A firm’s income statement tells us how it performed in a given period. The balance sheet resembles a picture taken at the end of that timeframe. It is an end-of-period snapshot of financials. The balance sheet shows what a company owns and what it owes. It shows how the business (large or small business) invested its resources or assets. A balance sheet also shows where the money came from, or liabilities.

The academic name for a balance sheet is Statement of Financial Position (one of the three main financial statements).



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Every Statement of Financial Position, or balance sheet, has three major elements.

The three major elements of a balance sheet

  1. The company’s assets. These are resources the company has that should create future economic benefits. 
  2. The company’s liabilities. These are the company’s obligations from past events and business transactions. Settling these obligations will probably lead to future spending.
  3. The company’s equity. Stockholder equity is the owner’s interest in the company. You get this by subtracting liabilities from assets. Because assets minus liabilities equals the owner’s equity, we can also say:

Assets = Liabilities + Equity

This is the fundamental accounting equation. We need to remember this equation when we work with or make a balance sheet.

We can summarize this equation differently. Say that the left side shows the resources controlled by a company, or its assets, while the right side shows how the firm paid for these resources. The company got money from third parties or by increasing the owners’ share in the business.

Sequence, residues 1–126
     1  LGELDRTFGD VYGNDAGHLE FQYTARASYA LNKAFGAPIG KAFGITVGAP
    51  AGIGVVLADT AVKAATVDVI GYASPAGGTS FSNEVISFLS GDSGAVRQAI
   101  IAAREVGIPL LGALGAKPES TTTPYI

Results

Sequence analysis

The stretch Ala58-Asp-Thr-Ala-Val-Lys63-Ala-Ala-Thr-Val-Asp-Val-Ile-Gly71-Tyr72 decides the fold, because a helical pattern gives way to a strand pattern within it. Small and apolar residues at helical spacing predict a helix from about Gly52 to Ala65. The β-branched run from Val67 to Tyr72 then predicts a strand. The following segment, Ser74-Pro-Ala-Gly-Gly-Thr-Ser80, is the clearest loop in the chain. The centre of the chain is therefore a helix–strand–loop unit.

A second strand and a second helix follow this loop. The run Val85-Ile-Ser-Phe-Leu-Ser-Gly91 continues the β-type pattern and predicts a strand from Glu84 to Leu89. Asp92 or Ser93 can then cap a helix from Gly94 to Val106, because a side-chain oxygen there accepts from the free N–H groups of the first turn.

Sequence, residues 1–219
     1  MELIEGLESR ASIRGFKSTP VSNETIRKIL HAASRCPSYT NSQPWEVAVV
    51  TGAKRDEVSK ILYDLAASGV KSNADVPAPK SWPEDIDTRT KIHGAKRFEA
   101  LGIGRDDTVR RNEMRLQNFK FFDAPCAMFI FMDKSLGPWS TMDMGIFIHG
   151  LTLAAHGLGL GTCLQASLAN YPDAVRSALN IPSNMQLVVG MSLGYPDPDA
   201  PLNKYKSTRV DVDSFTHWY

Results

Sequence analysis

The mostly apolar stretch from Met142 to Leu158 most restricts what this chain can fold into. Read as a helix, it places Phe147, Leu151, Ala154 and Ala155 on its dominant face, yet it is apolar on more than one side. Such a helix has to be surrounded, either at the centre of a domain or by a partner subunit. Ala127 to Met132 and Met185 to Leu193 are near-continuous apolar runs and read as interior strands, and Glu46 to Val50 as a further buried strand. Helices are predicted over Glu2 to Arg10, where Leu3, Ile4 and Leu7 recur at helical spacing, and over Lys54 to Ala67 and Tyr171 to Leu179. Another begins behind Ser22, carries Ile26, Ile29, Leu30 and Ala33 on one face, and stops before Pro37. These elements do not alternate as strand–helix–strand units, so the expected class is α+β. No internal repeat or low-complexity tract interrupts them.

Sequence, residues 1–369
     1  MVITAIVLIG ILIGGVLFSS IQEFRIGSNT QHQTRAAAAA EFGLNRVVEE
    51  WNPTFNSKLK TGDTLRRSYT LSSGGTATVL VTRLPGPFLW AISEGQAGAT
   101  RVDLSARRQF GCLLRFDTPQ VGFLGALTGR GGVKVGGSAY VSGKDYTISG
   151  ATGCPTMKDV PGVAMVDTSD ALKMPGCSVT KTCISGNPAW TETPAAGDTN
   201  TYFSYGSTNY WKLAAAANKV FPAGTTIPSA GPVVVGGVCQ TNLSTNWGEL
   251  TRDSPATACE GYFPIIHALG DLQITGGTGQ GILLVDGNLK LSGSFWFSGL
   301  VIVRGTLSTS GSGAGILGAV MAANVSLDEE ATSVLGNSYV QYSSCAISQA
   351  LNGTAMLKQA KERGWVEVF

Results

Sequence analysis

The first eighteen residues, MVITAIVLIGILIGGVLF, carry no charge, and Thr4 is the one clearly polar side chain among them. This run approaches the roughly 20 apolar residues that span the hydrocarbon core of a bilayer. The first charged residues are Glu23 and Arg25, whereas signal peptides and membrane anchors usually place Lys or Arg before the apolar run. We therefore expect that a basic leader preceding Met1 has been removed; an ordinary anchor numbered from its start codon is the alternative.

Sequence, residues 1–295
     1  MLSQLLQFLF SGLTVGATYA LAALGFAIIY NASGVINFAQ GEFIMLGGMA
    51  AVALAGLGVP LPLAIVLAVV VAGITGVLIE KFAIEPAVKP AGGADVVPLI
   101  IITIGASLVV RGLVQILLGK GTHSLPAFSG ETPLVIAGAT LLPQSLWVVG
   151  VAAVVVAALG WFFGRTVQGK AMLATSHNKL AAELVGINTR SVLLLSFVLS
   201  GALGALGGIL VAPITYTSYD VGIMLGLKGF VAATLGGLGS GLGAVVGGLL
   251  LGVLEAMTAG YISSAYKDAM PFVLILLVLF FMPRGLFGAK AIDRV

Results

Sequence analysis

Either way, the balance sheet should always “balance” without exception.

Looking at a sample balance sheet

Remember that the statement of financial position is for a specific time. The ABC Corporation creates its Statement of Financial Position on 31st December each year. We say that the balance sheet date is the 31st of December.

ABC Corporation
Statement of Financial Position as at 31st December 20XX
    Current Year Previous Year
    20XX 20XX -1
ASSETS      
Cash and cash equivalents       1 248           793
Trade and other receivables     10 764       11 654
Inventories       2 135         1 577
Intangible assets           39               4
Property, plant and equipment           822           757
Deferred tax assets             70             91
Total Assets           15 078       14 876
   
LIABILITIES  
Trade and other payables       4 700         4 998
Short-term borrowings           10               2
Income tax payable           18             31
Long-term borrowings           88             55
Retirement benefit obligations             100           100
Total Liabilities         4 916         5 186
   
EQUITY  
Share capital       1 378         1 378
Retained earnings       8 784         8 312
Total Equity           10 162         9 690
   
Total Equity and Liabilities       15 078       14 876